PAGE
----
Thursday, August 25, 2011

Common Bond and Equal Credit Opportunity Act

The Equal Credit Opportunity Act (ECOA), which became law on March 23, 1976, says that it is illegal to discriminate in any credit transaction on the the basis of race, color, national origin, religion, sex, marital status, or age.

Congress was very specific that it viewed race, color, national origin, religion, sex, marital status, or age as protected classes in our society.

So, this raises an interesting policy question -- should credit union regulators charter a credit union with field of membership which is based solely upon a protected class, such as religion or national origin?


  1. The act of "chartering" is not a "credit transaction".

    Have one of your ABA attorneys explain it to you.

    Perhaps the same ABA attorneys who in 2005 filed a lawsuit to block credit union service to additional underserved communities.

  2. Dear Anonymous:

    I know that chartering is different from a credit transaction. But that begs the point -- Why charter a credit union if it is not going to extend credit?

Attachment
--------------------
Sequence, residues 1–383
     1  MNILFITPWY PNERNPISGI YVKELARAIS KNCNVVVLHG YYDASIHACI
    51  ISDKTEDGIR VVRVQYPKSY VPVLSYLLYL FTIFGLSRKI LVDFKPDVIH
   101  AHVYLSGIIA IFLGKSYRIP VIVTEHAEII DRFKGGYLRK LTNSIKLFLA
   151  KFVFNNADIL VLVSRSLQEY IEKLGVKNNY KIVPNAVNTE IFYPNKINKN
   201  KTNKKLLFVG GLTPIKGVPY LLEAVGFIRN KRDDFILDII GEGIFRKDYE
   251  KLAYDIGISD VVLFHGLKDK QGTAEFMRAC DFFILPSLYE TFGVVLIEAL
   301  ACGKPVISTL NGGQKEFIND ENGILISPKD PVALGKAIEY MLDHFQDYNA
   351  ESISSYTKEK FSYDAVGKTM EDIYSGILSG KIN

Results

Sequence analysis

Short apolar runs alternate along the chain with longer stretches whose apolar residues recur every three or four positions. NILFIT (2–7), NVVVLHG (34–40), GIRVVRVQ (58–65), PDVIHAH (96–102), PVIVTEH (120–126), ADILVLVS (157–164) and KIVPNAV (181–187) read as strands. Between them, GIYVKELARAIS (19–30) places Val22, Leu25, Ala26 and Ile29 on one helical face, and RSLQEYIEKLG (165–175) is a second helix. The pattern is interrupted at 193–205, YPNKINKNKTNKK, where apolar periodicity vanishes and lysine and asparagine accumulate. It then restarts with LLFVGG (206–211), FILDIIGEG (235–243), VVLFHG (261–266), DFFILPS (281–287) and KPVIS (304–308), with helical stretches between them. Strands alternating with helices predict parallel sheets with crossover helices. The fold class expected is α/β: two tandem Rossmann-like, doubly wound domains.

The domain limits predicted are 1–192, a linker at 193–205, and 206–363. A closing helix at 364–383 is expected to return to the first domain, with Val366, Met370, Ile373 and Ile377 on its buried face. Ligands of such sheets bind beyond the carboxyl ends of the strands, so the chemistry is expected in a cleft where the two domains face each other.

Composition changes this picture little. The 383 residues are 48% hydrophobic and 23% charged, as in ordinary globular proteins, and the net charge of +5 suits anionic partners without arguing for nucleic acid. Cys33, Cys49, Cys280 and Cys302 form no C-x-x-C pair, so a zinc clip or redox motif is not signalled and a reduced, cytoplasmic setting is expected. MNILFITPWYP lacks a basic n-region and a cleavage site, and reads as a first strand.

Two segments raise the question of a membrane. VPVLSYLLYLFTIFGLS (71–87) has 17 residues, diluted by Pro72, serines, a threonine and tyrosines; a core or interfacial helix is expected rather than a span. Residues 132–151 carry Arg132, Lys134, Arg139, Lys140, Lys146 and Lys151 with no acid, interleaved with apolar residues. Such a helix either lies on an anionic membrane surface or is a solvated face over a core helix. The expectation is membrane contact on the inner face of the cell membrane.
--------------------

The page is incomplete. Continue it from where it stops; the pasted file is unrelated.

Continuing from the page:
3. Credit unions extend credit, that's what they do. Additionally, there is no evidence of discriminatory credit transactions against protected classes within their fields of membership.

    But this begs the counterpoint -- Why did the ABA file a November 2005 lawsuit to prevent credit unions' service (extending credit) to additional underserved communities?

    The ABA materials online make it look like you were personally part of the work-up on that legal action. This begs an additional question -- what is your personal stand on social and economic justice, denial of service to underserved groups, or this post which seemingly suggests that credit unions formed specifically to serve individual groups of protected classes be shut down, presumably based on the logic they don't solve the credit needs of ALL protected classes.

    Bias and prejudice, even when disguised as logical inquiry, is a sad embarrassment to the American banking industry.

  4. The Federal Credit Union Act plainly states that only multiple common bond credit unions could add underserved areas.

    NCUA broke the law.



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